Spillways are essential to redistribute excess water from large reservoirs and artificially created or enlarged lakes and avoid potentially dangerous pressure on dam walls. Under the 1975 Reservoirs Act, water companies are duty-bound to maintain them.
Silt, debris and vegetation can prevent spillways from functioning and obscure structural damage. Maintenance is critical to ensure the reservoir continues to work, therefore spillways should be inspected every five years.
Stonbury’s maintenance programmes include a clean and inspection, followed by necessary repairs.
Preparation and clean
Assessments are conducted prior to all spillway maintenance work, and special planning is occasionally required to avoid damage to habitats during certain species’ breeding seasons.
Site set-up includes installing straw bales and debris netting at the bottom of the spillway to avoid contaminating the river. Eye bolts are fixed to spillway floors to attach fall-arrest blocks and safety winches, which allows operatives to walk safely on steeper parts.
Cleaning is completed by jet washing – using water pumped directly from the reservoir – to remove silt and debris from the floor, walls and joints. Shrubbery and grass is removed, and if necessary, vegetation near the edge of the spillway is reduced to avoid future growth into the spillway.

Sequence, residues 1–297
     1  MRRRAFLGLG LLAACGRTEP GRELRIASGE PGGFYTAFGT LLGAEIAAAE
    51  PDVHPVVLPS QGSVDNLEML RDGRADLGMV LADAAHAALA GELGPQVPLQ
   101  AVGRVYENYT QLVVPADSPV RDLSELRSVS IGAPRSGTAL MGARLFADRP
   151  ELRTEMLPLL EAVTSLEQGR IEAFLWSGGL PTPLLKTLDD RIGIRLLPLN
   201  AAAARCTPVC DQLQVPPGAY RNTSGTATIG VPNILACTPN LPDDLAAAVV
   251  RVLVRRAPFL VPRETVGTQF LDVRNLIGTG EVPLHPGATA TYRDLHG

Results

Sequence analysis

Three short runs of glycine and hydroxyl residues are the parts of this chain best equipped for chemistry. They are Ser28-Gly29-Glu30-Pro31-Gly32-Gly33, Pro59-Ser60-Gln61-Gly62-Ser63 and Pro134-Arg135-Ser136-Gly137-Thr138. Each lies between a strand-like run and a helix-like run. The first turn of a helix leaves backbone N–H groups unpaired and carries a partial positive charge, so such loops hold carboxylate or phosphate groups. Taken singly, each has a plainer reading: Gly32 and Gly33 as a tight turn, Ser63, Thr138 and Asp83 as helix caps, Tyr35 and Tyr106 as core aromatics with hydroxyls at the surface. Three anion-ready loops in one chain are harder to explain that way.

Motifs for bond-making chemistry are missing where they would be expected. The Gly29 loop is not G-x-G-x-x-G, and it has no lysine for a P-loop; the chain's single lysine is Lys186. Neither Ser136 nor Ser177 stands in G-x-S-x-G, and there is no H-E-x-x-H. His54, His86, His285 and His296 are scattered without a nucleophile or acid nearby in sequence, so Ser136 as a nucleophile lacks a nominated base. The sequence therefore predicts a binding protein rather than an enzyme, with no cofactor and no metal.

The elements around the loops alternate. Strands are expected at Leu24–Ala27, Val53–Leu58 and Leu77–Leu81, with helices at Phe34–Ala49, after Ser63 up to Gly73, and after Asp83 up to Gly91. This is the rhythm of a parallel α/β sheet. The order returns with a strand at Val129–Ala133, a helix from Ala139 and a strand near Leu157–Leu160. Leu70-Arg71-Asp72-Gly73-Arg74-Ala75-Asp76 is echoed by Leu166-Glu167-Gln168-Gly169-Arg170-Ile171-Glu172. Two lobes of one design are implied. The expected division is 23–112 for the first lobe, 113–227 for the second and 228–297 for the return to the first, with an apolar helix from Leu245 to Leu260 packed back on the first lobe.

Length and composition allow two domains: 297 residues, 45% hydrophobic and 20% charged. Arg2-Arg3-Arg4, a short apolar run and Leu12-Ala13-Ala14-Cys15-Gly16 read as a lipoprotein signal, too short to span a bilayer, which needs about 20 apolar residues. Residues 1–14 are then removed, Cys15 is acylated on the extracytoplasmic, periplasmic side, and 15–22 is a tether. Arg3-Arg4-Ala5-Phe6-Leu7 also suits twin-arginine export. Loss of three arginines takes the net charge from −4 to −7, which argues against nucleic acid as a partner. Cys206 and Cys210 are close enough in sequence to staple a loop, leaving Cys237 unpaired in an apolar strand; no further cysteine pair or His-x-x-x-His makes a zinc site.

Organic waste material is often removed from the site for disposal, but where possible, it is spread on the grounds of the reservoir to reduce environmental impact.
Inspection and repair
Following completion of the clean, Stonbury carries out an accurate joint inspection with the client to identify areas requiring repair.
Specialist repairs to stone-set spillways include stone lifting, replacement, rebedding and repointing. Concrete spillways are repaired with rapid-set, environmentally-friendly and Water Regulations Advisory Scheme (WRAS)-approved mortars.